Advanced

GAD Antibody Positivity Predicts Type 2 Diabetes in an Adult Population

Lundgren, Virve M.; Isomaa, Bo; Lyssenko, Valeriya LU ; Laurila, Esa LU ; Korhonen, Pasi; Groop, Leif LU and Tuomi, Tiinamaija (2010) In Diabetes 59(2). p.416-422
Abstract
OBJECTIVE-To evaluate the significance of GAD antibodies (GADAs) and family history for type 1 diabetes (FHT1) or type 2 diabetes (FHT2) in nondiabetic subjects. RESEARCH DESIGN AND METHODS-GADAs were analyzed in 4,976 nondiabetic relatives of type 2 diabetic patients or control subjects from Finland. Altogether, 289 (5.9%) were GADA(+)-a total of 253 GADA(+) and 2,511 GADA(-) subjects participated in repeated oral glucose tolerance tests during a median time of 8.1 years. The risk of progression to diabetes was assessed using Cox regression analysis. RESULTS-Subjects within the highest quartile of GADA(+) (GADA(high)(+)) had more often first-degree FHT1 (29.2 vs. 7.9%, P < 0.00001) and GADA(+) type 2 diabetic (21.3 vs. 13.7%, P =... (More)
OBJECTIVE-To evaluate the significance of GAD antibodies (GADAs) and family history for type 1 diabetes (FHT1) or type 2 diabetes (FHT2) in nondiabetic subjects. RESEARCH DESIGN AND METHODS-GADAs were analyzed in 4,976 nondiabetic relatives of type 2 diabetic patients or control subjects from Finland. Altogether, 289 (5.9%) were GADA(+)-a total of 253 GADA(+) and 2,511 GADA(-) subjects participated in repeated oral glucose tolerance tests during a median time of 8.1 years. The risk of progression to diabetes was assessed using Cox regression analysis. RESULTS-Subjects within the highest quartile of GADA(+) (GADA(high)(+)) had more often first-degree FHT1 (29.2 vs. 7.9%, P < 0.00001) and GADA(+) type 2 diabetic (21.3 vs. 13.7%, P = 0.002) or nondiabetic (26.4 vs. 13.3%, P = 0.010) relatives than GADA(-) subjects. During the follow-up, the GADA(+) subjects developed diabetes significantly more often than the GADA(-) subjects (36/253 [14.2%] vs. 134/2,511 [5.3%], P < 0.00001). GADA(high)(+) conferred a 4.9-fold increased risk of diabetes (95% CI 2.8-8.5) compared with GADA(-)-seroconversion to positive during the follow-up was associated with 6.5-fold (2.8-15.2) and first-degree FHT1 with 2.2-fold (1.2-4.1) risk of diabetes. Only three subjects developed type 1 diabetes, and others had a non-insulin-dependent phenotype 1 year after diagnosis. GADA(+) and GADA(-) subjects did not clinically differ at baseline, but they were leaner and less insulin resistant after the diagnosis of diabetes. CONCLUSIONS-GADA positivity clusters in families with type 1 diabetes or latent autoimmune diabetes in adults. GADA positivity predicts diabetes independently of family history of diabetes, and this risk was further increased with high GADA concentrations. (Less)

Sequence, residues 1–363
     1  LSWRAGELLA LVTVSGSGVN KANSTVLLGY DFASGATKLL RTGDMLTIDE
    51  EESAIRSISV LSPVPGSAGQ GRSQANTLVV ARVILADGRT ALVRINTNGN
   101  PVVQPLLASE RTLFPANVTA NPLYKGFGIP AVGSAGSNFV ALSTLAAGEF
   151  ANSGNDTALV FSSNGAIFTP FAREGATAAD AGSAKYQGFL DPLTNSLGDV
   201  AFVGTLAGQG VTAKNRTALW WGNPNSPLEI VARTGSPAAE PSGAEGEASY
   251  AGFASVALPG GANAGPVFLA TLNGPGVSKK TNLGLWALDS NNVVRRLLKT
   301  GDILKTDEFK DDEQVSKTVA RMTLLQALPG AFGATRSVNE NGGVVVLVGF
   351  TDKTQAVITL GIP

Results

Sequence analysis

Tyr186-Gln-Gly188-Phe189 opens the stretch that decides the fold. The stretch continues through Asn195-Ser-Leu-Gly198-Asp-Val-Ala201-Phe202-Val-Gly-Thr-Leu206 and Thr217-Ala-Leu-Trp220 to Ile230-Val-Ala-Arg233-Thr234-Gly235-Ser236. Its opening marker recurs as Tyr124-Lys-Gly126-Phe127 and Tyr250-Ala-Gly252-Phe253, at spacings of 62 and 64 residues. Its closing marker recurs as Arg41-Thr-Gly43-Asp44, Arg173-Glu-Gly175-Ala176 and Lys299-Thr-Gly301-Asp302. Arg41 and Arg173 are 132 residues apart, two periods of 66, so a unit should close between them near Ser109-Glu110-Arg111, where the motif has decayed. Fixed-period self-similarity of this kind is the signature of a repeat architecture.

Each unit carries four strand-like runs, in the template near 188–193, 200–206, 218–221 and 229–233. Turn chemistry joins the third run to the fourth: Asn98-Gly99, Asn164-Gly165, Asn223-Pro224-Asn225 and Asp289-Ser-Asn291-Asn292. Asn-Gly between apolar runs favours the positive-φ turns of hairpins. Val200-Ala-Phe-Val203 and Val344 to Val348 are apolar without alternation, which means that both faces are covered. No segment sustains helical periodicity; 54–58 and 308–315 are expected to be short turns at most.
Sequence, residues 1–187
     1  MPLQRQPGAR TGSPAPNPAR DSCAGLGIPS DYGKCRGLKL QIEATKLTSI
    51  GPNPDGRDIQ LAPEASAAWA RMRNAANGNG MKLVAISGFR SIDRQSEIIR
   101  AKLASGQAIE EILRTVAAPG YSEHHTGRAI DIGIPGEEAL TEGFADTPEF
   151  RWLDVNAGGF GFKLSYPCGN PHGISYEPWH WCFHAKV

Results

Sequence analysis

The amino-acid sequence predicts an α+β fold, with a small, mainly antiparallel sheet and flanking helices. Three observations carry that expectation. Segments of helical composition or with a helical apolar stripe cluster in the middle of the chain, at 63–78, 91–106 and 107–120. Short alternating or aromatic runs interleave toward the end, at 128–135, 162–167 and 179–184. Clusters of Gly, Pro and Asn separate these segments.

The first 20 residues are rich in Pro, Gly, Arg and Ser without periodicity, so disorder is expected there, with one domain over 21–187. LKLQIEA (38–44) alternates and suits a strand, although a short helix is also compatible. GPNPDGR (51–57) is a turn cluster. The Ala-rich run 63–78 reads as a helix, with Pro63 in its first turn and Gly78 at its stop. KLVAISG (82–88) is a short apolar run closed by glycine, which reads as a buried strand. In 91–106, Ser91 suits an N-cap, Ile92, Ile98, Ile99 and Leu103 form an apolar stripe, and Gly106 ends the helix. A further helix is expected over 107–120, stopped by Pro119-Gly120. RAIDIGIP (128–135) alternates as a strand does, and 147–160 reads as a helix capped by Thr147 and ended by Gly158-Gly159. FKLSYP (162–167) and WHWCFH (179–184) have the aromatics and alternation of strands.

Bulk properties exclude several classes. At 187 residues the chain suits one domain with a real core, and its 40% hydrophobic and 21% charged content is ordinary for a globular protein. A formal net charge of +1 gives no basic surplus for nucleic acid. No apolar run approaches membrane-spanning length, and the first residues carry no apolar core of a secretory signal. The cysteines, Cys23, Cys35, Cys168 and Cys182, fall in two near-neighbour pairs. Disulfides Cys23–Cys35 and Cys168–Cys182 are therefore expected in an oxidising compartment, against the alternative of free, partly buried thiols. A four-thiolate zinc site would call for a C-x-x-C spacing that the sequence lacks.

Please use this url to cite or link to this publication:
author
organization
publishing date
type
Contribution to journal
publication status
published
subject
in
Diabetes
volume
59
issue
2
pages
416 - 422
publisher
American Diabetes Association Inc.
external identifiers
  • wos:000274435900012
  • scopus:77449143964
ISSN
1939-327X
DOI
10.2337/db09-0747
language
English
LU publication?
yes
id
f669a30e-a8b2-419d-88ec-e40993438e13 (old id 1568953)
date added to LUP
2010-03-17 11:32:54
date last changed
2018-05-29 10:25:43
@article{f669a30e-a8b2-419d-88ec-e40993438e13,
  abstract     = {OBJECTIVE-To evaluate the significance of GAD antibodies (GADAs) and family history for type 1 diabetes (FHT1) or type 2 diabetes (FHT2) in nondiabetic subjects. RESEARCH DESIGN AND METHODS-GADAs were analyzed in 4,976 nondiabetic relatives of type 2 diabetic patients or control subjects from Finland. Altogether, 289 (5.9%) were GADA(+)-a total of 253 GADA(+) and 2,511 GADA(-) subjects participated in repeated oral glucose tolerance tests during a median time of 8.1 years. The risk of progression to diabetes was assessed using Cox regression analysis. RESULTS-Subjects within the highest quartile of GADA(+) (GADA(high)(+)) had more often first-degree FHT1 (29.2 vs. 7.9%, P &lt; 0.00001) and GADA(+) type 2 diabetic (21.3 vs. 13.7%, P = 0.002) or nondiabetic (26.4 vs. 13.3%, P = 0.010) relatives than GADA(-) subjects. During the follow-up, the GADA(+) subjects developed diabetes significantly more often than the GADA(-) subjects (36/253 [14.2%] vs. 134/2,511 [5.3%], P &lt; 0.00001). GADA(high)(+) conferred a 4.9-fold increased risk of diabetes (95% CI 2.8-8.5) compared with GADA(-)-seroconversion to positive during the follow-up was associated with 6.5-fold (2.8-15.2) and first-degree FHT1 with 2.2-fold (1.2-4.1) risk of diabetes. Only three subjects developed type 1 diabetes, and others had a non-insulin-dependent phenotype 1 year after diagnosis. GADA(+) and GADA(-) subjects did not clinically differ at baseline, but they were leaner and less insulin resistant after the diagnosis of diabetes. CONCLUSIONS-GADA positivity clusters in families with type 1 diabetes or latent autoimmune diabetes in adults. GADA positivity predicts diabetes independently of family history of diabetes, and this risk was further increased with high GADA concentrations.},
  author       = {Lundgren, Virve M. and Isomaa, Bo and Lyssenko, Valeriya and Laurila, Esa and Korhonen, Pasi and Groop, Leif and Tuomi, Tiinamaija},
  issn         = {1939-327X},
  language     = {eng},
  number       = {2},
  pages        = {416--422},
  publisher    = {American Diabetes Association Inc.},
  series       = {Diabetes},
  title        = {GAD Antibody Positivity Predicts Type 2 Diabetes in an Adult Population},
  url          = {http://dx.doi.org/10.2337/db09-0747},
  volume       = {59},
  year         = {2010},
}